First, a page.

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Open Access Highly Accessed Research article

Inhibiting biofilm formation by Klebsiella pneumoniae B5055 using an iron antagonizing molecule and a bacteriophage

Sanjay Chhibber*, Deepika Nag and Shruti Bansal

Author Affiliations

Department of Microbiology, Basic Medical Sciences (BMS) Block, Panjab University, 160014 Chandigarh, India

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BMC Microbiology 2013, 13:174  doi:10.1186/1471-2180-13-174


The electronic version of this article is the complete one and can be found online at: http://www.biomedcentral.com/1471-2180/13/174


Received:18 April 2013
Accepted:24 July 2013
Published:26 July 2013

© 2013 Chhibber et al.; licensee BioMed Central Ltd.

This is an Open Access article distributed under the terms of the Creative Commons Attribution License (http://creativecommons.org/licenses/by/2.0), which permits unrestricted use, distribution, and reproduction in any medium, provided the original work is properly cited.

Abstract

Background

Success of biofilm dwelling bacteria in causing persistent and chronic infections is attributed to their resistance towards antibiotics and immune defences. Free iron is critical for the growth of biofilm associated bacteria. Therefore in the present study, the effect of limiting iron levels by addition of divalent Co[II] ions in combination with a bacteriophage was used for preventing/disrupting Klebsiella pneumoniae biofilms.

Results

A significantly higher reduction (p < 0.005) in bacterial numbers in the younger as well as older biofilms treated with Co[II] and depolymerase producing phage in combination was observed in comparison to when either of the agents was used alone. The role of phage borne depolymerase was confirmed, as an insignificant eradication of biofilm by non-depolymerase producing bacteriophage in combination with cobalt ions was observed. The results of viable count were further confirmed by visual examination of biofilms.

Conclusion

From the study it can be concluded, that iron antagonizing molecules and bacteriophages can be used as adjunct therapy for preventing biofilm development.

Keywords:
Resistance; Treatment; Phage depolymerase; Adjunct; Alternate therapy

Background

Biofilms are cell-cell or solid surface-attached assemblages of microbes that are entrenched in a hydrated, self-produced matrix [1]. Bacteria growing in biofilms exhibit increased resistance to antimicrobials and host immune response compared to their freeliving, planktonic counterparts due to several reasons like restricted penetration of antimicrobials into a biofilm, decreased growth rate, and expression of possible resistance genes [2]. Klebsiella pneumoniae is an important biofilm forming organism responsible for a wide range of infections placing it among the eight most important nosocomial pathogens [3]. The threat of antibiotic resistance and their inability in breaking the biofilm structure has increased the likelihood that novel strategies for preventing or delaying the biofilm growth mode are urgently needed [4].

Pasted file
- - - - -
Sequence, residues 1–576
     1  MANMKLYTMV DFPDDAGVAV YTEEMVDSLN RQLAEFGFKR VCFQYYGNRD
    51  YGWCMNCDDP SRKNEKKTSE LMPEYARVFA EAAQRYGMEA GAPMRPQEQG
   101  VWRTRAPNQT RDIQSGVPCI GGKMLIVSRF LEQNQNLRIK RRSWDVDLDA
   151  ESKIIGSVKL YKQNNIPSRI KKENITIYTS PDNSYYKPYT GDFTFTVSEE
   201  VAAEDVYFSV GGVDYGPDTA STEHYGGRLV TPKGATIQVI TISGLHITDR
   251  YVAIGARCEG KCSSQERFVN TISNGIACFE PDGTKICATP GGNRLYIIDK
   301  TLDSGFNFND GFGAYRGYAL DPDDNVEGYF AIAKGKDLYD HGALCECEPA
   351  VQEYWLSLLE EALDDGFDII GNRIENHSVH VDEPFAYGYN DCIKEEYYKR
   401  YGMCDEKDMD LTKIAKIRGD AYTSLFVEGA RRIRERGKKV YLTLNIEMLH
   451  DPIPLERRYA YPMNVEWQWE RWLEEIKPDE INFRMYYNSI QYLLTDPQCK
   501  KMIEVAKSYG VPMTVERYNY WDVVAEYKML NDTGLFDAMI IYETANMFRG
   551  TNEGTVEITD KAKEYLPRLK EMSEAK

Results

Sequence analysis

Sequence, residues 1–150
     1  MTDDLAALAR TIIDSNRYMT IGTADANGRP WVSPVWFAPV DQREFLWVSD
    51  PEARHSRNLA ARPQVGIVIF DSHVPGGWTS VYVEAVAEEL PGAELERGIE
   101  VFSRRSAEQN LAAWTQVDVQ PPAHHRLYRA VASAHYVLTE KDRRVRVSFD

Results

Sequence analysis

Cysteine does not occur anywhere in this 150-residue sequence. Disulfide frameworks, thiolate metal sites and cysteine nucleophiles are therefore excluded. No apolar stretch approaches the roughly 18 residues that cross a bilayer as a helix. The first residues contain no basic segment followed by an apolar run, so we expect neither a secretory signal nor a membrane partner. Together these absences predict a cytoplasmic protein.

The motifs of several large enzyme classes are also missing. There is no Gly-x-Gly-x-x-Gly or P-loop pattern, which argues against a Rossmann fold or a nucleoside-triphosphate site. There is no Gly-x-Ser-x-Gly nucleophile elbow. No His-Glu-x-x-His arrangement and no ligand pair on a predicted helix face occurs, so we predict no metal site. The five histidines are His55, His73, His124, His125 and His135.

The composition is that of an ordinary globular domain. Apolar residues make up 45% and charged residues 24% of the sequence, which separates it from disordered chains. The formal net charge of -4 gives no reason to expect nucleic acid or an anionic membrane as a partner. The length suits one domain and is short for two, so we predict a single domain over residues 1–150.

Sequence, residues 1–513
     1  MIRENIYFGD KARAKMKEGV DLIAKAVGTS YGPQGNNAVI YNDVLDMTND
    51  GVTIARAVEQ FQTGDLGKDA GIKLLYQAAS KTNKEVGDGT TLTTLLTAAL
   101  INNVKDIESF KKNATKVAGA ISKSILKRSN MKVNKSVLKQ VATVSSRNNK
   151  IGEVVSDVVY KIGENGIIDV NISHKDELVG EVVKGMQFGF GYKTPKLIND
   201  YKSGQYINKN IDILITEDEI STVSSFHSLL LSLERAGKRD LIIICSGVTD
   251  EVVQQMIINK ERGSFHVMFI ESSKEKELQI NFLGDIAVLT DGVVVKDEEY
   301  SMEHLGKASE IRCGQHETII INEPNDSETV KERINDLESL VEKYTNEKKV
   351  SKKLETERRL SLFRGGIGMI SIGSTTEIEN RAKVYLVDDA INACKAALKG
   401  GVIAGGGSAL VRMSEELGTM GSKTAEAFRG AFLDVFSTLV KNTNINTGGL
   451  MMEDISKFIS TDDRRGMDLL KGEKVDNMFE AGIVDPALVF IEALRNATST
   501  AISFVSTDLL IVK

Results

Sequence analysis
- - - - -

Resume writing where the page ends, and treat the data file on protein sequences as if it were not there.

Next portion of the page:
Bacteriophages infect bacteria, hijack their machinery, replicate intracellularly and are released by host cell lysis. They offer various advantages over antibiotics as antibiofilm agents because of their specific, non-toxic, self replicating and self limiting nature [5,6]. Phage borne depolymerases degrade biofilm exopolysaccharide matrix that acts as a barrier for antimicrobials, infect the organisms and cause extensive biofilm disruption [7]. Since phages are rapidly removed from circulation once injected/ingested, are unable to penetrate the older biofilms which contain large number of metabolically inactive cells [8] thus it can be said that either phages or antibiotics when used alone do not stand a chance especially against biofilm associated bacterial infections. Therefore, treating biofilms with combinations of chemically distinct antimicrobials might be an effective strategy to kill some of these different cell types.

Iron is an essential factor in bacterial growth participating in oxygen and electron transport processes, essential for biofilm formation in bacteria [9,10] where it regulates surface motility, promotes biofilm formation by stabilizing the polysaccharide matrix [11] and is considered critical for transition from planktonic to sessile existence. Thus, reducing iron availability has been proposed as a potential means to impair biofilm development by K. pneumoniae, Pseudomonas aeruginosa, Escherichia coli etc. [12-15]. In light of this emerging perspective, we undertook the present study to explore the possibility of using an iron antagonizing molecule and a bacteriophage alone as well as in combination to inhibit biofilm formation by K. pneumoniae B5055.

Methods

Bacterial strain, phages and growth conditions